Welcome to the Obeliai homepage. Please join us to share our common interest in our ancestors lives, stories, and collective history. We are pooling our resources in order to collect as many documents and vital records as we can to create a lasting record of a lost community.
Susana Leistner Bloch, Vice President of the Shtetlinks Project at JewishGen, Inc. explains ShtetLinks as follows:
"Our webpages are Cyberspace Yizkor Books. Just as the former residents and survivors of a shtetl took it upon themselves to record all they could remember and publish a Yizkor Book in memory of the Jewish community that once lived there, so we, the next generation, should make sure that whatever we have, every little bit of information that sheds light on the lives of our people is recorded and preserved."
If you wish to contribute any stories, family details or photos, please contact Emma Freeman by clicking here or click below to join our mailing list.
If you have visited Obeliai recently or have any photos, postcards, maps or stories to share, please contact Emma here.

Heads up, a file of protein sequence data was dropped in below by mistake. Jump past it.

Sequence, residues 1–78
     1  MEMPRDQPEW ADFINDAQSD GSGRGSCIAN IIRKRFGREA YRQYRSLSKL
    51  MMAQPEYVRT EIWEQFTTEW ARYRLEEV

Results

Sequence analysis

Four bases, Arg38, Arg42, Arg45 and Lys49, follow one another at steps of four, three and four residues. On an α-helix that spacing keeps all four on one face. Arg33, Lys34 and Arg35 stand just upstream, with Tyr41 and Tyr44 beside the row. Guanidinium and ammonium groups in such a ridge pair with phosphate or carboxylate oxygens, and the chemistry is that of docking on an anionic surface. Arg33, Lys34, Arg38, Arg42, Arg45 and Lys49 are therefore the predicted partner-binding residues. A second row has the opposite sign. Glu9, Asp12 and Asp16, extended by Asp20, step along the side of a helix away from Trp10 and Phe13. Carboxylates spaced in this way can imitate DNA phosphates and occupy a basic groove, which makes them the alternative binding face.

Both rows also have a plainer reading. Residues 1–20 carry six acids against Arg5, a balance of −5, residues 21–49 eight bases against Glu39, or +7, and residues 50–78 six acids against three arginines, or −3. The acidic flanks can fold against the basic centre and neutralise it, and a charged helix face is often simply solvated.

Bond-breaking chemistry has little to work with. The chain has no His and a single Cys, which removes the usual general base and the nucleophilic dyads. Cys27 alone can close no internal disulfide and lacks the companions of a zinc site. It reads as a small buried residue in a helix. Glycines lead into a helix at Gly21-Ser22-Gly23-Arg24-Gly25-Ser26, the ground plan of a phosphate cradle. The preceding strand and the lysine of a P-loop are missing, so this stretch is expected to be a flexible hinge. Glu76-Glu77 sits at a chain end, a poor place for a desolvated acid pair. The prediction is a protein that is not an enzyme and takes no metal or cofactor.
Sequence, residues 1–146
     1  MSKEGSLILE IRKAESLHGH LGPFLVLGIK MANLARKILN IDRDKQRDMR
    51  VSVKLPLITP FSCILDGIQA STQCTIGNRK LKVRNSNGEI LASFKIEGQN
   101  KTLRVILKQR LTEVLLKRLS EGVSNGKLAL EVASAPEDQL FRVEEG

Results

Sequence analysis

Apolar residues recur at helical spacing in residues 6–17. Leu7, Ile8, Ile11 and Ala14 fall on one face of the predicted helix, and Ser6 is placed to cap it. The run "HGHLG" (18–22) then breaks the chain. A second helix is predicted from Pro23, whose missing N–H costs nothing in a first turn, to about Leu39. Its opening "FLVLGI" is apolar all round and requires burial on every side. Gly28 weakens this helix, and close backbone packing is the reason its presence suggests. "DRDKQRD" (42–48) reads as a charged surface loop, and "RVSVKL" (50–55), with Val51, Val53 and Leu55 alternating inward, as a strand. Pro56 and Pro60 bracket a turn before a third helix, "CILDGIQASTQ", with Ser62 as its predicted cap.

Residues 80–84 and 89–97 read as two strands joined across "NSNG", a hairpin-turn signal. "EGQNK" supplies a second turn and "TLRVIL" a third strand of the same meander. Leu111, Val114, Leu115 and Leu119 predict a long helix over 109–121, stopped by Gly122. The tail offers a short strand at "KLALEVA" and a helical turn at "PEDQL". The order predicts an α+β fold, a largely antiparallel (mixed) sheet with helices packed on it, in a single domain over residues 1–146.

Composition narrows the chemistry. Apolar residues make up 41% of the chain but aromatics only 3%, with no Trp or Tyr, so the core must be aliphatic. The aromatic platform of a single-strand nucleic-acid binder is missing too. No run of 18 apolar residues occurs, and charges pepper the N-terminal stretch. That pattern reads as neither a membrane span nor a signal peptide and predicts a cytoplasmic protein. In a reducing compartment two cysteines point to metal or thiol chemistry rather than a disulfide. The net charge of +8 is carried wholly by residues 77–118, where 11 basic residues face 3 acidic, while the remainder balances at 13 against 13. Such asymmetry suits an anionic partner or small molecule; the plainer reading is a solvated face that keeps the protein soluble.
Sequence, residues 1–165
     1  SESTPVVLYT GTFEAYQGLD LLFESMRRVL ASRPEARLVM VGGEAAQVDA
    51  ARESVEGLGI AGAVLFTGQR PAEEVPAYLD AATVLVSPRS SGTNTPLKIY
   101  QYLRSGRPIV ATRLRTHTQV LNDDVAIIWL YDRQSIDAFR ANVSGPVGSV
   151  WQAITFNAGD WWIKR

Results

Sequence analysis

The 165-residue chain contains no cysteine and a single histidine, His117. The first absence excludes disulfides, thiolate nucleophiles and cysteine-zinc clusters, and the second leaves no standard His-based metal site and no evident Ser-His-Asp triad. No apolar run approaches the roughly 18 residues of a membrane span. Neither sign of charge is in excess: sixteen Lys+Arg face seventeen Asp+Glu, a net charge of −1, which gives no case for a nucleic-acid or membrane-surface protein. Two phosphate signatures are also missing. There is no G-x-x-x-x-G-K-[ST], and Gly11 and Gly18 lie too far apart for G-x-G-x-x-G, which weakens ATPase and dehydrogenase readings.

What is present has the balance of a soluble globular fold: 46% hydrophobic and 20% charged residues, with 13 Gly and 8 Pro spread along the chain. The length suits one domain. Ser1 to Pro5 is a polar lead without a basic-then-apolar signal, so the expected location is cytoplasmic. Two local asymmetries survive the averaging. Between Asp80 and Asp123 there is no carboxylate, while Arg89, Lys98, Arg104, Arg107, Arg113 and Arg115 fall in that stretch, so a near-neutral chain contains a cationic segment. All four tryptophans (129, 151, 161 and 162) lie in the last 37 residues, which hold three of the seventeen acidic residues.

If you are trying to trace your family tree to Obeliai/ Abel, please go to the Families page or contact Emma to add your details for other searchers to find.
Please note that for data security reasons, we can only post names, locations and photos of those who are deceased.
Special thanks must go to Dr William Saxton, Marcia Spiler and Ida Weinberg for their copious contributions and support, and to Michael Grant for his hard work on the sketch map, as well as to Rabbi Mayer Abramowitz for his tireless efforts on the Cemetery Project. Thanks must also go to Galina Baranova at the Lithuanian State Archives, for all her work on research and translation on behalf of us all. And to everyone who has shared information, documentation and photos, thank you, please keep them coming!
Obeliai has had many names, spellings and pronunciations over its chequered history, any one of which may be the name your family remember it by:
ABEL, OBEL, ABELE, ABELI, OBELIAI, OBELIU, OBELYAY, OBYALYAY
Likewise, they may have referred to the area as Novo-Alecksandrovsk, Ezherene, Zarasai or Kovno Gubernia (meaning the District of Kaunas).